In short term, it has become even more difficult to sell assets and improve liquidity and cash in hand.
Also, not sure what corona virus restrictions will do to the valuations. Intu cannot afford another drop in valuations.
Good to see a new shareholder building a position. Now >7%. They must see a good long term future for intu
All, your thoughts please ....
Chancellor extends one-year business rates holiday for all retailers, restaurants, hospitality businesses.
That will help to all intu’s clients a lot !!!
It may even support falling asset valuations
Yes, the agreed price for the sale will decide intu’s future. If significantly under Dec 2019 valuations, it will difficult to avoid bankruptcy. If higher, the share price will fly.
In the financial environment where it is so hard to find a reliable income, one would think that commercial properties with >5% income every year will be in huge demand, especially considering low pound exchange rate and depressed asset valuations. We will see
Sain, the equity raise didn’t happen because, I suspect, Coronation/ SA Gov didn’t support it. They even reduced their share holdings 2 days ago. There’s too much risk of assets valuations going below debt levels wiping out all equity. Maybe others also didn’t support RI.
As a long suffering shareholder, I am also glad that RI did not go ahead. Falling asset valuations make any RI very risky at this time.
Slide 7 of intu FY-2019 presentation shows that over last 5 years property income reduced only by 3% while the property valuations dropped by 29%.
I understand we have some good, knowledgeable guys in these discussions. Can someone please explain how valuers be so disconnected from actual income?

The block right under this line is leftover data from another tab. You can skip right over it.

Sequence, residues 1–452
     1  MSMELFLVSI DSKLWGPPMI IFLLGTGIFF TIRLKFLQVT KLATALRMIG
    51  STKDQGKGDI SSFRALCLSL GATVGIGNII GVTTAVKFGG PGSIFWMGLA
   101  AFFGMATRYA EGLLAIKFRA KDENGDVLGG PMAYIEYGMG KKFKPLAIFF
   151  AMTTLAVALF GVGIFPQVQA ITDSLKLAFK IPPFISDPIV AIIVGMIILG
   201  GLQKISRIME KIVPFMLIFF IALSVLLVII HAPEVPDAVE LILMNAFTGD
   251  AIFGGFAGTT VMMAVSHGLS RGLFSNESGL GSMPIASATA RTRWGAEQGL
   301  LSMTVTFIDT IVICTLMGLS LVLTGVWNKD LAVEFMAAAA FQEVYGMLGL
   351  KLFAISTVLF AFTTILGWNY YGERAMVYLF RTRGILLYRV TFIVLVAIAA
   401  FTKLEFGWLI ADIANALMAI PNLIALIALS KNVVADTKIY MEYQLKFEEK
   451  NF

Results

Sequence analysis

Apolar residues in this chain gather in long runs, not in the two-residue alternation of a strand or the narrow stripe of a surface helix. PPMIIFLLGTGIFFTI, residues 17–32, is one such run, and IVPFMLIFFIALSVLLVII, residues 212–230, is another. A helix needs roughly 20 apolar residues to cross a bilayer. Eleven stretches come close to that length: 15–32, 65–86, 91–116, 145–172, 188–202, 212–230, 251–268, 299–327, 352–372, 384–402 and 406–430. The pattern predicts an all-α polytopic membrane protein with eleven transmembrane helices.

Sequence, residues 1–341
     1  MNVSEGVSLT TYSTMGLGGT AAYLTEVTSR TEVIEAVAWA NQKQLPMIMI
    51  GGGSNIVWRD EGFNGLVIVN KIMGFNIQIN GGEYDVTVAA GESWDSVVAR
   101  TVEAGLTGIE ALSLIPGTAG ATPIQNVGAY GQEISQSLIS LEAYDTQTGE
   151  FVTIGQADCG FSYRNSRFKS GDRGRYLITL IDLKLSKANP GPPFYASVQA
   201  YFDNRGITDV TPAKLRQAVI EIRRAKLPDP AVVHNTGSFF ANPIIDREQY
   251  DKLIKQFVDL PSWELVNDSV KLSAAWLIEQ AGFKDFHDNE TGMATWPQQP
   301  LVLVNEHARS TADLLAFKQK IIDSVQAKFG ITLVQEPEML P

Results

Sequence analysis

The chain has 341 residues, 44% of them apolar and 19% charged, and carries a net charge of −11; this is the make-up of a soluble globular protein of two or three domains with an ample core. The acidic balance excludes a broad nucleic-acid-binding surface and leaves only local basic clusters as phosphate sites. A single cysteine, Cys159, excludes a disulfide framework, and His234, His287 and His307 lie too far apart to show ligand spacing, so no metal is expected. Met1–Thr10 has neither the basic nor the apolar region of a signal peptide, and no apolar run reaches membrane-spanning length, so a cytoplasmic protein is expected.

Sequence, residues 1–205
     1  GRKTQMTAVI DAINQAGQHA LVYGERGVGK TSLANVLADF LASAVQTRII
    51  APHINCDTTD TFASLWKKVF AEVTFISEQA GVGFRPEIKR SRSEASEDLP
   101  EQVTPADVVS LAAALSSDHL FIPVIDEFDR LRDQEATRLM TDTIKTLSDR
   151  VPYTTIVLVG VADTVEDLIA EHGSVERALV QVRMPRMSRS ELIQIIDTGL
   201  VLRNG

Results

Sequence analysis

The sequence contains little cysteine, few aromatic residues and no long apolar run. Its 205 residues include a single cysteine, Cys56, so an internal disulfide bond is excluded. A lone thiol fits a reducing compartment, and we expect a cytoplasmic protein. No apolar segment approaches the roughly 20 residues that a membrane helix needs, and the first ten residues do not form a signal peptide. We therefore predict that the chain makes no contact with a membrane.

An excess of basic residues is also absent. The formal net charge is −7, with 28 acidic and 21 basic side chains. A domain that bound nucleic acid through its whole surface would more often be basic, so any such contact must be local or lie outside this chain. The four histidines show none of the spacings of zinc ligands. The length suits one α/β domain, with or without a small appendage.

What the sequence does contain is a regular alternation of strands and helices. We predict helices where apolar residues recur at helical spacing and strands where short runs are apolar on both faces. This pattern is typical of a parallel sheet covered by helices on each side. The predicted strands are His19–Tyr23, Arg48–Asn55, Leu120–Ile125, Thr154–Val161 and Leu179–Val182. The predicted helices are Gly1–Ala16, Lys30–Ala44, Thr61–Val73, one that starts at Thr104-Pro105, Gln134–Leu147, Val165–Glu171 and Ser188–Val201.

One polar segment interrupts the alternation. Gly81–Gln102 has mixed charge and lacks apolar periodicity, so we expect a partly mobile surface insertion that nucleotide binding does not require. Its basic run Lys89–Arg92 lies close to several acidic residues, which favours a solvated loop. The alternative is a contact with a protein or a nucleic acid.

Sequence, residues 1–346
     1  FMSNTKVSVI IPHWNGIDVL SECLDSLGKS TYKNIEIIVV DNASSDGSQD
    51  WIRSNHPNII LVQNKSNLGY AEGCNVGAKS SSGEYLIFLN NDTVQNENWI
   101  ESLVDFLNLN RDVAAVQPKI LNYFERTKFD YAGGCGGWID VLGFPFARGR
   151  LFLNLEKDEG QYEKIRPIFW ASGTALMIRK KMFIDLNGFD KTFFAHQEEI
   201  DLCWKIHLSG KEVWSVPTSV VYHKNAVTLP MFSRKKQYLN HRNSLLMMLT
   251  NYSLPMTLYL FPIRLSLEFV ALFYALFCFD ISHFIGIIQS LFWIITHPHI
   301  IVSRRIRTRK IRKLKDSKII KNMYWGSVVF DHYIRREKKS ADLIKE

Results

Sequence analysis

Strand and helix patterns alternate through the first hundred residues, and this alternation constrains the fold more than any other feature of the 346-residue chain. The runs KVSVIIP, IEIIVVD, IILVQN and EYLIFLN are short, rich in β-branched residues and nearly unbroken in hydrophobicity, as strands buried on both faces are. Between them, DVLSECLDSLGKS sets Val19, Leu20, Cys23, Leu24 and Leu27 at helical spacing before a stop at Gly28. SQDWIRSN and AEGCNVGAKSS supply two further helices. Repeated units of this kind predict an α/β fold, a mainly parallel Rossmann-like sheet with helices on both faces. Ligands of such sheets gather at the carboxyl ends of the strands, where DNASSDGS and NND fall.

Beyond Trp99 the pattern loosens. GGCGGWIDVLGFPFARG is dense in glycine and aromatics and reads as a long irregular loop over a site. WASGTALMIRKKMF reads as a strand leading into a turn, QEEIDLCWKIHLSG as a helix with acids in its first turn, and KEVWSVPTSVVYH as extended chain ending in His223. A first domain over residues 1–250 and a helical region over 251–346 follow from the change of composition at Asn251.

Are they ignorant or am I missing something?
Our current CEO is either bad or brilliant manager. When everyone else have been thinking about disposal of assets as many as possible and as quickly as possible he has been doing a little.
Maybe he knows more than anybody else.
For example, he can sell minimum number of assets just to avoid covenants and still be a going concern business knowing that in 2-3 years the asset prices will recover. In this case, he would be a genius and a great CEO.
However, if intu goes bust, he would go to the history as a bad CEO.
Time will tell. The risks are big.
Corona virus does not help at all.
Today’s results imply that the the downward valuation pressure is still there but .... price stabilisation should start soon.
For the first time intu openly talks about material risk to go bankrupt. The share price reflects that.
The only way to avoid bankruptcy is to sell the assets.
I suspect the RI didn’t happen because some large shareholders believe that bankruptcy risk is too high and there’s no point to throw away 1 or more billion pounds.
Interestingly, CEO underlined that he took over the business only in April 2019. Looks like already trying to wash the hands out. As if he has nothing to do with sleep walking into near death situation of now.
I maintain my position.
If intu does not raise a large sum of money in the next 3 months maximum, for me at least 2bn, they are in big risk of insolvency.
The only thing that can save them is the pick up of the retail property market with valuations stable or going up, which is unlikely at this time.
If you do not believe me, look at share price, price of intu debt and short positions that increased in the last few weeks.
Even their RCF loan was extended on the condition of minimum 1.3 bn equity raise.